by Vilissa K. Thompson, LMSW
Recently, President Obama signed an executive order to increase the minimum wage to $10.10 an hour for federal contract workers. This action will benefit individuals who are contracted with the federal government who are making less than this newly approved rate. (The current minimum wage rate is $7.25 an hour.) The minimum wage hike for federal workers will become effective on January 1st, 2015. Raising the minimum wage coincides with the President’s plans to increase opportunities for the American people.
When the President announced his executive order concerning the minimum wage increase during his State of the Union Address last month, there were one particular group who were left out of his initiative – federal workers with disabilities. The White House and the Department of Labor did not intend to allow people with disabilities working under federal contracts with special certificates to receive the new minimum wage increase. The failure to include people with disabilities who work for the federal government was met with great opposition, and those within the disability community advocated for federal workers with disabilities to be included in the President’s order.
Under the current law, federal workers with disabilities may be paid less than the $7.25/hour rate under specialized certificate programs. This means that it is legal to pay federal workers with disabilities incredibly less than their able-bodied colleagues, even though they are doing the same job. The current provision creates a disproportionate living wage gap between disabled and able-bodied federal contracted workers. Without the inclusion of people with disabilities in the President’s order, certain disabled workers would have continued to earn a living wage as little as 22 cents an hour.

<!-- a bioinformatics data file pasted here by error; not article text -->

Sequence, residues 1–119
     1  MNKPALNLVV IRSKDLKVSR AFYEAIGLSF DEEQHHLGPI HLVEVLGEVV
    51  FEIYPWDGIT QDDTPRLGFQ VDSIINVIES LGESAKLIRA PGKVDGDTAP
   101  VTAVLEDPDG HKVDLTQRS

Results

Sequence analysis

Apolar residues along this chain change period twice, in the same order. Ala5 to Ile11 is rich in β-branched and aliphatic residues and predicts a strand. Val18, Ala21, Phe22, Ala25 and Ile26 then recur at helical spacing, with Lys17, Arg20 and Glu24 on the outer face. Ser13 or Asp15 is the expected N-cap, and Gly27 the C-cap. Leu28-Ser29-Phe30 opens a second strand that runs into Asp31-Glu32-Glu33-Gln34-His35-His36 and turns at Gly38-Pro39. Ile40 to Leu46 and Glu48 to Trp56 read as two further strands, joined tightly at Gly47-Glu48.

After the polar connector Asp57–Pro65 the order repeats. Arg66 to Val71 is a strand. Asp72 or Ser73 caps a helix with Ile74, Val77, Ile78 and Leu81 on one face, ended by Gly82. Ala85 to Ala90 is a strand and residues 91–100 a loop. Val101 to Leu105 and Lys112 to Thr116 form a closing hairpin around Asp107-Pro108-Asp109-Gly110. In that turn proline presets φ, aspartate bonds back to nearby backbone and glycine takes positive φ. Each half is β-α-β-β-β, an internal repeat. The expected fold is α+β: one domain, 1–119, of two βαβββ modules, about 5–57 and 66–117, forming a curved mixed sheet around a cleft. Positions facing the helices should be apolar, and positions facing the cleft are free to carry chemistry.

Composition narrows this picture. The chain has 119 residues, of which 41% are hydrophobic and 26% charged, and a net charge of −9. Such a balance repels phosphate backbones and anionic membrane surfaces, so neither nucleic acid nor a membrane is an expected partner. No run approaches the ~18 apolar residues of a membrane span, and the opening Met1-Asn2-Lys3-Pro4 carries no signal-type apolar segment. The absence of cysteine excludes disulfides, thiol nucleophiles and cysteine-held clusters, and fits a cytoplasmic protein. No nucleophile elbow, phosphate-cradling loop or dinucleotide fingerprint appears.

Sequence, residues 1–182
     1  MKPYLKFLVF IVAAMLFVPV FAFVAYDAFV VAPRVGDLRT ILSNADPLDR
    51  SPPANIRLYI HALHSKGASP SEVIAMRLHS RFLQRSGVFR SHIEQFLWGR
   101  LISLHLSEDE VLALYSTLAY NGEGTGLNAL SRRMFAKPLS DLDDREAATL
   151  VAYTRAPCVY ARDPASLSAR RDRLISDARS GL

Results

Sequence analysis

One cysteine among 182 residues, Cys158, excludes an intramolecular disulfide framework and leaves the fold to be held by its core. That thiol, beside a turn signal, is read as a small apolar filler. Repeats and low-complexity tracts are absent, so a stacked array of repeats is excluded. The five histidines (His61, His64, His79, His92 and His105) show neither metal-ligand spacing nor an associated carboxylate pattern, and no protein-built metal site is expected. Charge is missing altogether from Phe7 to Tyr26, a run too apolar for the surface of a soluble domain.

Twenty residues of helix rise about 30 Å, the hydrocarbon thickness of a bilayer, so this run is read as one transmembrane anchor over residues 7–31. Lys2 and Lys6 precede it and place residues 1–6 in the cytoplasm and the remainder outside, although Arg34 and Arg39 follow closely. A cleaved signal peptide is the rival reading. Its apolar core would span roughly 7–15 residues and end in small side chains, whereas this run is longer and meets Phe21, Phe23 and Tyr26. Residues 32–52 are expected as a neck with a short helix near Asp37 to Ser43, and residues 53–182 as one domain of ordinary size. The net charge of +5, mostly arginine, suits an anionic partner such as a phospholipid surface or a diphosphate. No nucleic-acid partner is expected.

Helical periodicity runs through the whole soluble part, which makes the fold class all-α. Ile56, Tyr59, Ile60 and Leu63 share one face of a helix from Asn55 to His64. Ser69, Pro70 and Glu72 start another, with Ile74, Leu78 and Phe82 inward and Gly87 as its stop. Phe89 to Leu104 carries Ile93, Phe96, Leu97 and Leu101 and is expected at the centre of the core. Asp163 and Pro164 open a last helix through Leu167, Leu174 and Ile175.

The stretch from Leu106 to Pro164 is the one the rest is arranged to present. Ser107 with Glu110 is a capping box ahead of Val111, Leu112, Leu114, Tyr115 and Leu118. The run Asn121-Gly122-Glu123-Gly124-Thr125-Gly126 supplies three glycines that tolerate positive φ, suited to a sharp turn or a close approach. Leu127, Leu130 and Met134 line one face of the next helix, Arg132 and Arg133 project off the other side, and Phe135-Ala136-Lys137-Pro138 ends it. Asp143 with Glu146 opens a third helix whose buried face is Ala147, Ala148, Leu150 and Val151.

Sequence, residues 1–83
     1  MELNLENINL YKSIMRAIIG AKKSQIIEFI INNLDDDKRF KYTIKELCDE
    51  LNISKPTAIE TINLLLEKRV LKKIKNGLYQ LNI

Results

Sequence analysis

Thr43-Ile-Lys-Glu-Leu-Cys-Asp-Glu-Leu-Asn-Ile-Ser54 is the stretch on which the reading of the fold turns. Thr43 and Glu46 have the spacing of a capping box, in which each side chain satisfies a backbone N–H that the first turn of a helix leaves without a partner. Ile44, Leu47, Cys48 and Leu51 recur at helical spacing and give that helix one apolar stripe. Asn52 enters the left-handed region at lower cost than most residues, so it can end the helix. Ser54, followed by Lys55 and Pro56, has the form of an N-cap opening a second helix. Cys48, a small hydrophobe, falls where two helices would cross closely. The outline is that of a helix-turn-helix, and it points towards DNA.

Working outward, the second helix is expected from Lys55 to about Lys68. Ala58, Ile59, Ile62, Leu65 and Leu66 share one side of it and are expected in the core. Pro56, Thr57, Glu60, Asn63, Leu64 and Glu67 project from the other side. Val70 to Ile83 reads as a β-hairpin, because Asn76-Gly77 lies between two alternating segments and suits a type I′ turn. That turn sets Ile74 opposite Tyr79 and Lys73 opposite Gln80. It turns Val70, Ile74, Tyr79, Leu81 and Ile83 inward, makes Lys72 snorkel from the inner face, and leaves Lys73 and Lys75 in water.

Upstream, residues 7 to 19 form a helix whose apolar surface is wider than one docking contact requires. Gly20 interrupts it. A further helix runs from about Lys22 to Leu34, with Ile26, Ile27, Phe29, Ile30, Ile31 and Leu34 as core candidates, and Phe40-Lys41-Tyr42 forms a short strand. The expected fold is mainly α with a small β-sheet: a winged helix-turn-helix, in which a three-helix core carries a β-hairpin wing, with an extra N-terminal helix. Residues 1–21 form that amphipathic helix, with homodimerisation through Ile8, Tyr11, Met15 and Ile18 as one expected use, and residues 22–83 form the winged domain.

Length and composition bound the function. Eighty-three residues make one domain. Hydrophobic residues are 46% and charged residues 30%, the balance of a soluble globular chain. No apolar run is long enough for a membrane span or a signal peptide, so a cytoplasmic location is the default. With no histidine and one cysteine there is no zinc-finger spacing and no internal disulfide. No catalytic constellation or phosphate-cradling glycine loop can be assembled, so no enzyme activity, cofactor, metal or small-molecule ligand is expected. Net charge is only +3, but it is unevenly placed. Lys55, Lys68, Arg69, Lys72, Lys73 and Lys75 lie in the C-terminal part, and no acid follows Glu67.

With the unemployment rate for people with disabilities being 13.3%, and the labor force participation rate being 18.2% for January 2014, it is imperative for the employability of people with disabilities to be on the consciousness of the President, and our representatives. Despite being the largest minority group in the country, people with disabilities are not fully integrated within our workforce system, even though there are a great number of programs and services in place to increase employment opportunities for this population. This “oversight” by the White House and the Labor Department before disability advocates ramped their voices signaled how dire it is for people with disabilities to be politically aware, and involved.
This executive order is a steppingstone in the right direction to increase the minimum wage for all Americans, but what can be done to ensure that people with disabilities are not overlooked or dismissed when future plans are constructed to improve the well-being and economic status of those in this country? How can we better advocate for ourselves, and demand that those with influence take our needs and concerns seriously? Share your thoughts and suggestions with me because excluding people with disabilities from momentous initiatives such as this can no longer suffice.
(Featured headlining image: Courtesy of Black Enterprise.)